How do you encourage accepting a compliment?
When I try to compliment my daughter, who is a wonderfully caring mother, wife, and daughter, she pushes it away by saying, “Oh, that’s nothing. No worries.” In trying to show my appreciation of her, I would like this extremely accomplished person to be able to accept compliments graciously. What can I tell her?
–AE, Beverly Farms, MA
A recent study found that nearly 40% of women surveyed feel awkward about accepting a compliment and 18% will attempt to shrug off the compliment. Answering, “Oh, that was no problem.”
That’s because when someone gives you a compliment your brain immediately tries to figure out if the compliment is genuine or manipulating.
- When someone you barely know gives you a gushing compliment that makes you feel queasy, you probably won’t trust the person’s intentions.
- Flattery, as you know, is often used to butter someone up because they want something and they’ll go as far as being hypocritical to get what they want.
When you’re in a clothing shop and the salesperson gives you too much attention in the hope that you’ll buy something, they often pay a compliment.
- When that flattery feels false we assume the person complimenting the tattoo is actually appalled by it.
- We do this to others and suspect others do it to us.
It is engrained in our brains to respond to a compliment with modesty by saying, “Oh, it’s a castoff I’ve had this dress at the back of my closest for years.”
Get over it. We’re pretty much hardwired to be embarrassed by praise and so belittle or reject the compliment. Simply reply with a sincere “thank you.”
How to react to a compliment without feeling clumsy:
- Slightly surprised that an older person would compliment your tattoo, immediately say “thank you.”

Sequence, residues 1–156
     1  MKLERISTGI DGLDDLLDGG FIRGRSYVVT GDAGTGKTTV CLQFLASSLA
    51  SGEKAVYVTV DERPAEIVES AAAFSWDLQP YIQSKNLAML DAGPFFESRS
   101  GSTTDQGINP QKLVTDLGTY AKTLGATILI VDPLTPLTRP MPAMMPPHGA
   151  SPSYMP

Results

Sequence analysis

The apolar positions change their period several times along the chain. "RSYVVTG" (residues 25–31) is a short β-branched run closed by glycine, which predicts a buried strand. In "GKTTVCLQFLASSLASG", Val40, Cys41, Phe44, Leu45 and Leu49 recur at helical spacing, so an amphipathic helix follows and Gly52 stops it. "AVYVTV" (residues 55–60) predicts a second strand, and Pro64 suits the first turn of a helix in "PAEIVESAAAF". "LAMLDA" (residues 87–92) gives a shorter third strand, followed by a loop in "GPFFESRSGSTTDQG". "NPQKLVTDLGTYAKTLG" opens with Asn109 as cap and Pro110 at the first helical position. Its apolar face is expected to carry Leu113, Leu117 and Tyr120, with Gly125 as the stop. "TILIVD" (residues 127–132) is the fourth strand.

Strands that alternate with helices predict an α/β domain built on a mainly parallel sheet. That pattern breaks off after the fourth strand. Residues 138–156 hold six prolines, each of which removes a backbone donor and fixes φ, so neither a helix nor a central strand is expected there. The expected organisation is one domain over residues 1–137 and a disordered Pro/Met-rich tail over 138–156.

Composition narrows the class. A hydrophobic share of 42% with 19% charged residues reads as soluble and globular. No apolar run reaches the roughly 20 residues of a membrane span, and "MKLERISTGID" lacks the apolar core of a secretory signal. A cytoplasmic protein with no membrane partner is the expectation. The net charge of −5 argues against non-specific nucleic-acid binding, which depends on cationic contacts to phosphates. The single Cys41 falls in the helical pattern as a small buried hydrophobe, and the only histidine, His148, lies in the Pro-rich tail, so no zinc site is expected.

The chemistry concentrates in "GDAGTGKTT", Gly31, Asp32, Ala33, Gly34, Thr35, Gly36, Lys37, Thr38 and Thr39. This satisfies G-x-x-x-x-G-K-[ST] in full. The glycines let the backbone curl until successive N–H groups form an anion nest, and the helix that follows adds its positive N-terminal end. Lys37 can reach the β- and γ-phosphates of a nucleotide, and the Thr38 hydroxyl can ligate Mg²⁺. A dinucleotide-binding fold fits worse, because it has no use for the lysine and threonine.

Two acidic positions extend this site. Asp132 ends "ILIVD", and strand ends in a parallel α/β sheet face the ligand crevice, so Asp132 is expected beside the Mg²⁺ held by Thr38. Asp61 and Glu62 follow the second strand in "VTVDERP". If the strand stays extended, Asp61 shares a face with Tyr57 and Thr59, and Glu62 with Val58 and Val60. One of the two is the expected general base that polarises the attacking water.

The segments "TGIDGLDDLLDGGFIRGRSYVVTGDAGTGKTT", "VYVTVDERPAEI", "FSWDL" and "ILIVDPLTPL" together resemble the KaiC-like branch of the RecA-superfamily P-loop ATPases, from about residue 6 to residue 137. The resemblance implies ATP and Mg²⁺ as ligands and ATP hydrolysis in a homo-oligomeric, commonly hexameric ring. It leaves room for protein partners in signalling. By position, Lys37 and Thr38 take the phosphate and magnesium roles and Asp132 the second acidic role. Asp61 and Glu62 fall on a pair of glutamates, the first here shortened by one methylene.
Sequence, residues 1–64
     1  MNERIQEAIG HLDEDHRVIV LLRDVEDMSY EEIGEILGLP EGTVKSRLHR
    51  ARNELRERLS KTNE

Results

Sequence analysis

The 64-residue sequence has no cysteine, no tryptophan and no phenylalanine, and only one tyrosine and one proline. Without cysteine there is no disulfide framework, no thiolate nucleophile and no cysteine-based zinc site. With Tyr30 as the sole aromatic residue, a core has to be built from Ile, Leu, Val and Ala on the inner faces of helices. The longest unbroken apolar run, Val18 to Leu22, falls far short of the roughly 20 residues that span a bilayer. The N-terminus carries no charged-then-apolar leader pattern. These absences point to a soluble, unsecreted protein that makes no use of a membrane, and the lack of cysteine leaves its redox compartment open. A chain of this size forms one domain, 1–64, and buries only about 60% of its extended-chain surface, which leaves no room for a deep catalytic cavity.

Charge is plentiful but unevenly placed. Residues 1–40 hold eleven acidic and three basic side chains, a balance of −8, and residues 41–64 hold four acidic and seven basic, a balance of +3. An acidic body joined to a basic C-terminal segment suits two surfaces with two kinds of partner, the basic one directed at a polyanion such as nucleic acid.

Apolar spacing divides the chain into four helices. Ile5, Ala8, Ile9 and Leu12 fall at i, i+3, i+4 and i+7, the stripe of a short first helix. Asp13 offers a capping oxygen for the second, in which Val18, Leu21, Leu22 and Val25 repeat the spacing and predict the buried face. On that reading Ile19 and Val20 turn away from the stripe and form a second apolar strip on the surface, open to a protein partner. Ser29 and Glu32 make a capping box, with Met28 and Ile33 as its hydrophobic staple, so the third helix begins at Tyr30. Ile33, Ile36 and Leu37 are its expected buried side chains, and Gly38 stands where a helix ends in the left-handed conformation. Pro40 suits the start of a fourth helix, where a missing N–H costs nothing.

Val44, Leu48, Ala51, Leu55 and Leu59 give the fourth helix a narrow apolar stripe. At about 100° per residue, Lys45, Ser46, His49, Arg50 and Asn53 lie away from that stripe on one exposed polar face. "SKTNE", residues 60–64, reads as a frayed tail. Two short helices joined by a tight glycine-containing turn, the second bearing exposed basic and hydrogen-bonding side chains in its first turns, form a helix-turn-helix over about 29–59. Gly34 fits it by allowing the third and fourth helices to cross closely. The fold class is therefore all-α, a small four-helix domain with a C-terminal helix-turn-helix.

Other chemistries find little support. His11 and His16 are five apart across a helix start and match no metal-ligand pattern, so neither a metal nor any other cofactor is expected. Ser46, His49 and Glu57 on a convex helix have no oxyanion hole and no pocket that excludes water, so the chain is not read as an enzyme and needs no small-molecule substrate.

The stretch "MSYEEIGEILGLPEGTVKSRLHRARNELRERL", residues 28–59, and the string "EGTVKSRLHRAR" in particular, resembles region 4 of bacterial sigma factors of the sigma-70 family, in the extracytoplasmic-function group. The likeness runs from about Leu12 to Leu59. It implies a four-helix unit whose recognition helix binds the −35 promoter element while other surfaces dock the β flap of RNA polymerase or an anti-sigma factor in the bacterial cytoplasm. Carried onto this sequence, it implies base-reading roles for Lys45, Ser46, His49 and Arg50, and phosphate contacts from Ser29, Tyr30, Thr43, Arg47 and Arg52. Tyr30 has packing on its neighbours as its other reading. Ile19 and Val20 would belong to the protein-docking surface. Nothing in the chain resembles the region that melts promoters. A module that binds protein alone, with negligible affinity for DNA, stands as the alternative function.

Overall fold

- Resist returning the compliment because it could come out sounding stiff.
- It is better to change the subject and then later on discreetly slip in a compliment.
In relationships compliments are key to making the other person feel good about himself.
In long-time relationships we tend to criticize more than compliment.
- Try to compliment your child, lover, partner, spouse once a day.
- Even if is sounds insignificant, it can make them feel good when you show your appreciation by saying, “Thanks for taking all that stuff out to the garbage.”
- Or tune in to the fact that you like that he brought your morning coffee to you in bed and hope he’ll do it again.
- If you see something you like, just say, “I like the way your green sweater goes with your corduroy trousers.”
The internet is a place where people go to find compliments from people they know – as well as from complete strangers – who are all, also, desperate to be Liked and praised.
- Nevertheless, it is the insults that will be embedded in the brain more than the compliments.
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Accepting A Compliment